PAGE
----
Enable WordPress debug mode

Developer Knowledge Level

This content is intended for WordPress developers, and it may require coding knowledge of WordPress, PHP, and JavaScript. Code examples provided here may contain errors or needs some additional coding. Make sure to test the code before using it on a live website!

By default, WordPress debug mode is disabled. Error handling and display depend on the server settings. In most cases, this means that errors will not be displayed (even fatal errors), but they should be logged into the file (again, depends on server settings, and it can happen that logging of errors is disabled).

Basic Debug Mode

To enable WordPress debug mode, you need to add WP_DEBUG constant set to TRUE into wp-config.php file. Recently, wp-config.php has a definition for this constant included and set to false. So, you need to have this line in your wp-config.php:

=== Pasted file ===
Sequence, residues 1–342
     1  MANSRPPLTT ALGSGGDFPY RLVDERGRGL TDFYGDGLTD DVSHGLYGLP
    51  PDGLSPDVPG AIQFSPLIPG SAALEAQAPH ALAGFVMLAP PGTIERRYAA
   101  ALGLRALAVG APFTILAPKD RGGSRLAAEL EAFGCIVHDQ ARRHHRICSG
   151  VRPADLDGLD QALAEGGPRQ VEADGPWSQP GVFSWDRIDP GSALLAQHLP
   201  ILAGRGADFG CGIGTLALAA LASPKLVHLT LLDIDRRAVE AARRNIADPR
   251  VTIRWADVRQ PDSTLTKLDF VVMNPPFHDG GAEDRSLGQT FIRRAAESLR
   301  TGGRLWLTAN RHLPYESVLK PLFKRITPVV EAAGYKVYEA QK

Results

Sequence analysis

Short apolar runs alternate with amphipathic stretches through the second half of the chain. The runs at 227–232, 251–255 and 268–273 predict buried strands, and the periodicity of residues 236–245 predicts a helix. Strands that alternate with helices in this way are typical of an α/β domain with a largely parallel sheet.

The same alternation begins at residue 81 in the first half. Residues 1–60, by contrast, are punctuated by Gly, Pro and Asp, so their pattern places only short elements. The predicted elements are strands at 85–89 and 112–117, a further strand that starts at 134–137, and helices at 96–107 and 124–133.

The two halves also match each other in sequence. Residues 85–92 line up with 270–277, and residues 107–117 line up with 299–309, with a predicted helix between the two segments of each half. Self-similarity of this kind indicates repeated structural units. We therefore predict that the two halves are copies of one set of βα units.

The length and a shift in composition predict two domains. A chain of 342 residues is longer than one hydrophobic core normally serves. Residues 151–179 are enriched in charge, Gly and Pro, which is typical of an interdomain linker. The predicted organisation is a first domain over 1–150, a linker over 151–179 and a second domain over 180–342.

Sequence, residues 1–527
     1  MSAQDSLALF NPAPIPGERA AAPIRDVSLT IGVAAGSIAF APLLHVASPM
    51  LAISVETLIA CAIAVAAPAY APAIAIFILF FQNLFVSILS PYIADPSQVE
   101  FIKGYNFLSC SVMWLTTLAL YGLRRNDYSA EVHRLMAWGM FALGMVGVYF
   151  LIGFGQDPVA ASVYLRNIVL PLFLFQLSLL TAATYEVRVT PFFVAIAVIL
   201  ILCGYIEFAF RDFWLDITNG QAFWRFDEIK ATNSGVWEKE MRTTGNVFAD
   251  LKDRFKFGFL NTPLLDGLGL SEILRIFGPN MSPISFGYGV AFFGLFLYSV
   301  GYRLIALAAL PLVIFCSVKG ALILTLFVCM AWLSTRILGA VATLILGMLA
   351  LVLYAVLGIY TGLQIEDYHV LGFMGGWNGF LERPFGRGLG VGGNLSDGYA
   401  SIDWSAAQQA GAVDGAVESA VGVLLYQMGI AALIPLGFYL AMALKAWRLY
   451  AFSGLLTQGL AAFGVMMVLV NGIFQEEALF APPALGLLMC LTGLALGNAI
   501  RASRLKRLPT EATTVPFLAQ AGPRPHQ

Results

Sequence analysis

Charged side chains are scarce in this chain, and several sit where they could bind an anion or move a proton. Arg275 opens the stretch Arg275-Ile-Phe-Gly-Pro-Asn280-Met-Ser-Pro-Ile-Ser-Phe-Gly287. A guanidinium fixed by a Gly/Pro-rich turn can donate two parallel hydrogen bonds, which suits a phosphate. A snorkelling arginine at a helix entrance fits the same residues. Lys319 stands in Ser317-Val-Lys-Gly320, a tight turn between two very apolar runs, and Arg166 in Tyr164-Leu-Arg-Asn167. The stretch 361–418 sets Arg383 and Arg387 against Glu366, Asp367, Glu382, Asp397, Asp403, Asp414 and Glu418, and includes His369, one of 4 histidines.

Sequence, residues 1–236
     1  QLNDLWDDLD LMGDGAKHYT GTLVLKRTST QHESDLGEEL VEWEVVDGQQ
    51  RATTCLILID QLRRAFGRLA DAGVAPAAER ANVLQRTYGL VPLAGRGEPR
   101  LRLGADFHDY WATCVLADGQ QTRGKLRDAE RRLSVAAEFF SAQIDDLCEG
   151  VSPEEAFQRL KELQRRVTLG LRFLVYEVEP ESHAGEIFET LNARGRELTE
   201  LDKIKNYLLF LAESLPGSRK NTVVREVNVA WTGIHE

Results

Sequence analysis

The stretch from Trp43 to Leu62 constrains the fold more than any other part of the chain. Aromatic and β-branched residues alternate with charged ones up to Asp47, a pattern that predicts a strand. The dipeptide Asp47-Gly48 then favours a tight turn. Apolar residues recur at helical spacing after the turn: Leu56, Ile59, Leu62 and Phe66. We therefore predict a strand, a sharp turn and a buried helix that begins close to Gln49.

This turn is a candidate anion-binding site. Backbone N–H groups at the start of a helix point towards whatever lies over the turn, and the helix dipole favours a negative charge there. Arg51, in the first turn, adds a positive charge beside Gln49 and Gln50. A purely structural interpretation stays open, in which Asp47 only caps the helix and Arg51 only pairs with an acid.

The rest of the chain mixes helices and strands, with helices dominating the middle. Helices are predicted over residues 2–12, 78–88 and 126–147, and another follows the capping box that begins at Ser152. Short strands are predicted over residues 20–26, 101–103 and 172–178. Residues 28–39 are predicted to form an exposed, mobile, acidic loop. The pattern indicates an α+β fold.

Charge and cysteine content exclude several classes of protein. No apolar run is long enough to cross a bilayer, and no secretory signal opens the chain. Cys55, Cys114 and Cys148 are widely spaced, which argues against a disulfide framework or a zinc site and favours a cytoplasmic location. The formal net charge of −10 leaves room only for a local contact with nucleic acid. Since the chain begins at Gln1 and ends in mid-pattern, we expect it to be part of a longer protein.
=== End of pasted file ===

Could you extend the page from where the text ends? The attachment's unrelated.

define('WP_DEBUG', true);

This will activate error reporting for all types of errors including strict and deprecated errors. If WP_DEBUG line exists in your wp-config.php, make sure to change false to true. If the WP_DEBUG is not in the wp-config.php, add it, but make sure to add it before the line:

/* That's all, stop editing! Happy blogging. */

Additional Debug Settings

There are two more debug constants that can be used if WP_DEBUG is active:

define('WP_DEBUG_DISPLAY', true);
define('WP_DEBUG_LOG', true);

The first one will activate (or force) display of errors on the screen. The second one will activate logging errors into the file. This file will be debug.log in your wp-content folder.

Best way to enable debug mode

For having debug mode active, but to only save debug information to log file, and not to display it on screen use this:

define('WP_DEBUG', true);
define('WP_DEBUG_DISPLAY', false);
define('WP_DEBUG_LOG', true);

This is the best way to get all the errors in the log, and not have them displayed on the page.

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